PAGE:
It was very interesting, the experience I had that night. Nothing like it I ever had in my life. It was the night before the day he passed away. The time was 9 o’clock. I felt he was withdrawing, withdrawing in an extraordinary manner. He was coming out of himself and gathering and pouring himself into me. He was coming out consciously and deliberately with the full force of a concentrated will. He continued to do so steadily, ceaselessly for hours. It ended at about 1 o’clock, I looked at the time.
There was no slackness or interruption or stop at any moment. It was throughout the same steady continuous flow, without a break, without a diminution in the strength. Such a concentrated undiminishing stream it was. The process continued until he was wholly within me as though he was pumping and exhausting all he was in the body till the last drop. I say it was wonderful — I never experienced such a thing. The flow stopped when there was very little left in the body: I let the body remain as long as it was needed for the work to continue, till long, quite long after the doctors declared it dead.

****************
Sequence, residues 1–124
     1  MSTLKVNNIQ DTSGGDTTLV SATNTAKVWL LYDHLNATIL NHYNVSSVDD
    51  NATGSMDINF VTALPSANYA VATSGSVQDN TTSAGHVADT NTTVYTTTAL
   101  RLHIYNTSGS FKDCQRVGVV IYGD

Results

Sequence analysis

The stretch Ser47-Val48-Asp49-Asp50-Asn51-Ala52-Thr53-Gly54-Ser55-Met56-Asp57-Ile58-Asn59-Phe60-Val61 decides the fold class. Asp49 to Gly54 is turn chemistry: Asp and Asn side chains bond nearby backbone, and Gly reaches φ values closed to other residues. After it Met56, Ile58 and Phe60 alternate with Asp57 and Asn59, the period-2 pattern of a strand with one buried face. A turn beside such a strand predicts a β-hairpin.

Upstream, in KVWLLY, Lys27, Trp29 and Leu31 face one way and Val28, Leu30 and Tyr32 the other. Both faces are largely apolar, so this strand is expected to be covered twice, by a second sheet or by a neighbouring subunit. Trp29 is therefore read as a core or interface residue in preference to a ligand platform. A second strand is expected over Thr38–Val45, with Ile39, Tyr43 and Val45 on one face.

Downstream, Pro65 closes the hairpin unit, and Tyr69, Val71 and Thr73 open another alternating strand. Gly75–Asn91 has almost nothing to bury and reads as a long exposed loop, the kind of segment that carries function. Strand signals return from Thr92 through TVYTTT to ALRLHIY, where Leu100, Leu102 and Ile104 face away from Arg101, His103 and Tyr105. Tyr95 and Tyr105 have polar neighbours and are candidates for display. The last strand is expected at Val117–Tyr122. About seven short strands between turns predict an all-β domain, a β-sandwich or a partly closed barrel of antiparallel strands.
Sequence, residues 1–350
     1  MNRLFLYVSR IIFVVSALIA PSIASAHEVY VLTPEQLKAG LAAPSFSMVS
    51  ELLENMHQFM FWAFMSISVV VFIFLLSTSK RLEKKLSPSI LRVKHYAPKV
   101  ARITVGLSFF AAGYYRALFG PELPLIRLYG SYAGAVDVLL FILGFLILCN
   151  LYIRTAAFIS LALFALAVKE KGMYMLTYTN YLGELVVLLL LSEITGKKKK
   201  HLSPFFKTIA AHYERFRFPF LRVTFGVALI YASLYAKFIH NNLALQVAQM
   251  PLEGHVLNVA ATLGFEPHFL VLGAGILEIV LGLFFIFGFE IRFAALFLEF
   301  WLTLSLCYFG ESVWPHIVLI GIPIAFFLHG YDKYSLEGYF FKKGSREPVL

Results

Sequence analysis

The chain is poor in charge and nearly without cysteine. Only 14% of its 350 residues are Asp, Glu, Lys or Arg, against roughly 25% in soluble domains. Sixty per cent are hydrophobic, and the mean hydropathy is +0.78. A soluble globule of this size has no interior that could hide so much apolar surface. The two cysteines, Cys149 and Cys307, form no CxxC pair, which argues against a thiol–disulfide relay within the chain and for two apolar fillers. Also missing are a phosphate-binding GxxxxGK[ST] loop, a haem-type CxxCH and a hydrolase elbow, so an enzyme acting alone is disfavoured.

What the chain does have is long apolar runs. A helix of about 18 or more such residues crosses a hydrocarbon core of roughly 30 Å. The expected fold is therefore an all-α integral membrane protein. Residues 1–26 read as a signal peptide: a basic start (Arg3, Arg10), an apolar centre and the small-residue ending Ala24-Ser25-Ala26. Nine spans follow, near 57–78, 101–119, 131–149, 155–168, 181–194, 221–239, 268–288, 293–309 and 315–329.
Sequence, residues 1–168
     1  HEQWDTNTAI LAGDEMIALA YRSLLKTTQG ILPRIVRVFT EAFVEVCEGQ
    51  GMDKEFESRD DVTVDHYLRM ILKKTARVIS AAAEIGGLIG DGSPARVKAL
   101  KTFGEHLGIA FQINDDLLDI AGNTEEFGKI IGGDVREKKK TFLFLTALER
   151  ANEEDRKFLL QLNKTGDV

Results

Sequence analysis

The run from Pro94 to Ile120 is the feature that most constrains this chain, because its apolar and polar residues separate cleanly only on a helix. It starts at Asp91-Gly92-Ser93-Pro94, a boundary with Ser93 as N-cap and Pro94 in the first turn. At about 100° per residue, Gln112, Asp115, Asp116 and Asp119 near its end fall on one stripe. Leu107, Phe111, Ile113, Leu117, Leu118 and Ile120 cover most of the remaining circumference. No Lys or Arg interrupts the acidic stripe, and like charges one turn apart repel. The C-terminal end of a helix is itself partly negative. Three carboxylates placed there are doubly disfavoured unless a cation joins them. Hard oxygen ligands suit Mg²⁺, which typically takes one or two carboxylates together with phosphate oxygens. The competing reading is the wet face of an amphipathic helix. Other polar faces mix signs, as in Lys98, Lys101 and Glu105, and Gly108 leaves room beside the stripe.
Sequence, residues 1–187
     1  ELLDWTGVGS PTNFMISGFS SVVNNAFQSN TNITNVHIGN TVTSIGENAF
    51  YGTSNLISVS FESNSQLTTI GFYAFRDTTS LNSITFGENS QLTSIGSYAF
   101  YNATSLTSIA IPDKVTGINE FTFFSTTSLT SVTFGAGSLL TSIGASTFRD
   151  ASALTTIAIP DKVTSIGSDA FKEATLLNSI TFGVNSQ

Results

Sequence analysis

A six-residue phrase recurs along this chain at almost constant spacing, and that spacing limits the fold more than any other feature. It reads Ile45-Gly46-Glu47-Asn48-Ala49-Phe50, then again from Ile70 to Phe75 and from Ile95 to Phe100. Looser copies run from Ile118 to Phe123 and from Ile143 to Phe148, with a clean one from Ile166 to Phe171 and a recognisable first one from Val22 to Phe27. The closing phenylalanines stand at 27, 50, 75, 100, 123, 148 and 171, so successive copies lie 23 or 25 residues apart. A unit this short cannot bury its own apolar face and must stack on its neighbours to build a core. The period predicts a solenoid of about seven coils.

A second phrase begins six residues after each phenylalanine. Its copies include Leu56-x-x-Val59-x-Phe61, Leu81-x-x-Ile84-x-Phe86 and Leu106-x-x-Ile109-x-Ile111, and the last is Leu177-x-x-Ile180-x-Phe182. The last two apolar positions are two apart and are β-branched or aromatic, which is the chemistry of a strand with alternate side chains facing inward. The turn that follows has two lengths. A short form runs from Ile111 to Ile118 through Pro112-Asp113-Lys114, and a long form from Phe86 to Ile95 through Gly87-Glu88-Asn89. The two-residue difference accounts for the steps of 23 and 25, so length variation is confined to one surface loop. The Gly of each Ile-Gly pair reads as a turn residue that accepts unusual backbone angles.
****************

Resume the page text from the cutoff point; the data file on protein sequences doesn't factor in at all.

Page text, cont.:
As he was in life, he could not have done the thing, I did not expect it of him, it must have been some past life of his that was at work and did the thing. Not many Yogis, not even the greatest among them could do such a thing. There he is within here, quite wakeful, looking in a rather amused way at what you people are doing. He is merged in me wholly, that is dwelling within me, not dissolved: he has his personality intact. Amrita is different. He is there outside, one of you, one among you people moving about. At times, of course, when he wants to take rest and repose he comes and lodges here. A remarkable story. A great and very difficult thing Pavitra has done.
Mother India, May 1974.